Report: Android gaining market share
Google's open source Android mobile operating system (OS) has continued to grow and gain US market share over other popular mobile operating systems in recent months. According to a February 2010 Mobile Subscriber Market Share report from US market research firm comScore, Google's smarpthone OS has grown more than 5 percentage points since November of 2009 alone – far more than any of its competitors. The positive trend means that Android now holds an overall US market share of 9%. The comScore report surveyed current mobile subscribers age 13 and older to find out what device manufacturer and platform they were using.
Blackberry manufacturer Research in Motion (RIM) currently holds a 42.1% market share, an increase of 1.3% from November of 2009 to February of this year. Apple's iPhone smartphones came in at 25.4%, down just 0.1%. Microsoft's Windows Mobile platform remained in third place, losing even more ground with minus four percentage points leaving it with a market share of 15.1%. Android over took Palm with it's 9%, while Palm lost 1.8% leaving it in fifth place with a market share of just 5.4%.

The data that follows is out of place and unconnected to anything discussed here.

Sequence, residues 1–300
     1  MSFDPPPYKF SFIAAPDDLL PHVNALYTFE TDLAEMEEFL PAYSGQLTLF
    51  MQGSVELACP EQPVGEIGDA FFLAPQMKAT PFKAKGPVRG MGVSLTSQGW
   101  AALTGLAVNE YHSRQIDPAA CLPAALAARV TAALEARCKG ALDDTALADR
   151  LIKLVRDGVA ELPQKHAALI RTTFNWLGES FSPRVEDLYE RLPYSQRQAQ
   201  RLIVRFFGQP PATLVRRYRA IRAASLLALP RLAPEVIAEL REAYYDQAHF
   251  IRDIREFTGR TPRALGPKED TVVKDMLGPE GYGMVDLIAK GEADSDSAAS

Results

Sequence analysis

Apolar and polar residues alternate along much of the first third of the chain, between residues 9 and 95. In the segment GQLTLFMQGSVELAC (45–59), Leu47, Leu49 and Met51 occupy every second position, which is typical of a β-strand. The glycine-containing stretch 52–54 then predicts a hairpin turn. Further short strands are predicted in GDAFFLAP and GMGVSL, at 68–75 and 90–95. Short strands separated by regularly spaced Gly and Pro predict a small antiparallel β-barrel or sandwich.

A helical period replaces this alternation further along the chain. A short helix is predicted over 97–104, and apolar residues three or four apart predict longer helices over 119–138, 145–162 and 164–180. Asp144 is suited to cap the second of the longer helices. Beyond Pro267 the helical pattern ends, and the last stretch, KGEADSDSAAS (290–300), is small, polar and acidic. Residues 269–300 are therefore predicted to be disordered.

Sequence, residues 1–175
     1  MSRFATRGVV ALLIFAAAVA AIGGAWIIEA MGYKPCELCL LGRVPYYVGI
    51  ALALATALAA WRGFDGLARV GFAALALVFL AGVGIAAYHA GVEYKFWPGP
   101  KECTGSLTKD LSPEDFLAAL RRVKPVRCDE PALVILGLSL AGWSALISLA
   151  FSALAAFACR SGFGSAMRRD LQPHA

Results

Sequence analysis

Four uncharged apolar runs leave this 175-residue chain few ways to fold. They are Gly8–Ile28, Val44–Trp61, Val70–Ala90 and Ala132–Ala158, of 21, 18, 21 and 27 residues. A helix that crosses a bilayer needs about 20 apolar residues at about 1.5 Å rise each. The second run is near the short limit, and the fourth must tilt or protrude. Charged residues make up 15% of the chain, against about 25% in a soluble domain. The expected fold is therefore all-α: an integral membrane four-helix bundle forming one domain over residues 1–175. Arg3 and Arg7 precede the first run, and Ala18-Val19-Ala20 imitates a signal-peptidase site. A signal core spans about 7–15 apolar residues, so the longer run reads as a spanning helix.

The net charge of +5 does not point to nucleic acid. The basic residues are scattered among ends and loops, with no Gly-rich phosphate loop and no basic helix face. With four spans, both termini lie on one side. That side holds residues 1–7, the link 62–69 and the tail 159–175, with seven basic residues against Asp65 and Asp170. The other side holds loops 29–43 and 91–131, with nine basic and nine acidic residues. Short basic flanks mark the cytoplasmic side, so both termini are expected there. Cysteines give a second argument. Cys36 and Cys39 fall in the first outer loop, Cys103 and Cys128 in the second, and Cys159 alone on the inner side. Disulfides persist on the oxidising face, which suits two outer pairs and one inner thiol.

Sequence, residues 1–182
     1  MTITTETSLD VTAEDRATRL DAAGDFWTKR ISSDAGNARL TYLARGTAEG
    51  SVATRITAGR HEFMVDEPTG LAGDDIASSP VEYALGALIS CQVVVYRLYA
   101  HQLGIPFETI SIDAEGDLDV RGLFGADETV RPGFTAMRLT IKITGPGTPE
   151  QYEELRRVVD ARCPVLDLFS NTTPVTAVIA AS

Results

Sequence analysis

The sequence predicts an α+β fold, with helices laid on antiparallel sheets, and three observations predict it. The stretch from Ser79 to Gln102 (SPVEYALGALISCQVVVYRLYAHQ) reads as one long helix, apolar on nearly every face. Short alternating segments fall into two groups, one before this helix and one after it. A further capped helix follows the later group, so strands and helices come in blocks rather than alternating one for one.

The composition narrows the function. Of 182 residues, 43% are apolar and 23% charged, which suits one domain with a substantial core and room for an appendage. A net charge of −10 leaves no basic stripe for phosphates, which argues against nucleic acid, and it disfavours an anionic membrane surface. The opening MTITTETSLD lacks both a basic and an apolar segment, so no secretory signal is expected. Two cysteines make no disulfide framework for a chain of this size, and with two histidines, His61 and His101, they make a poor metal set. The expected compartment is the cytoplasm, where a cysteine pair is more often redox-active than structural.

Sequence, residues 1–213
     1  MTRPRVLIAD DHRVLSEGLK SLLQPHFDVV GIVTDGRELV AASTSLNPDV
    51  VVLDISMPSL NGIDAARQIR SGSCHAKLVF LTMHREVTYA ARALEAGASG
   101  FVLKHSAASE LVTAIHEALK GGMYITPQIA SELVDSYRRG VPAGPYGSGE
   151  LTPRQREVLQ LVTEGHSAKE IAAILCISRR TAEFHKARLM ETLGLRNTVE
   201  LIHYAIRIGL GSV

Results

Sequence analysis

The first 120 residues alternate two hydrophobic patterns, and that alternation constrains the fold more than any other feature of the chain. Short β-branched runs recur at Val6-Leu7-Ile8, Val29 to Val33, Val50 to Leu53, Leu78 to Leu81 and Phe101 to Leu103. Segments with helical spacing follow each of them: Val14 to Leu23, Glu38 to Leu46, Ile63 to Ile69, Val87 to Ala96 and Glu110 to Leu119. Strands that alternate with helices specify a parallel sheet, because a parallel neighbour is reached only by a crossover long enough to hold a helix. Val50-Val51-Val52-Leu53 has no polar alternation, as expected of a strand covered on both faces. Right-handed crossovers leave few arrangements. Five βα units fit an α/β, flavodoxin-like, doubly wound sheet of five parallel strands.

US smartphone platform market share
Sept 2009 - Nov 2009
December 2009 - February 2010
+ / -
According to comScore's results, there are 234 million Americans who are mobile subscribers and of those, 45.4 million people who own smartphones. That's an increase of 21% in only a three month period. Amongst the manufacturers of phones, comScore says that, while still losing 1.9 percentage points, Motorola is the top US mobile original equipment manufacturer (OEM) with a total of 22.3% of the market. LG was the runner-up with 21.7%, followed by Samsung with 21.4%. Nokia, which isn't traditionally as popular in the US as it is in the rest of the world, suffered a slight decline putting it in fourth place with 8.7%. RIM gained 1.7% to bring its device market share to 8.2%.
- comScore Reports February 2010 U.S. Mobile Subscriber Market Share, press release from comScore.
- Of Android and the Fear of Fragmentation, a feature from The H.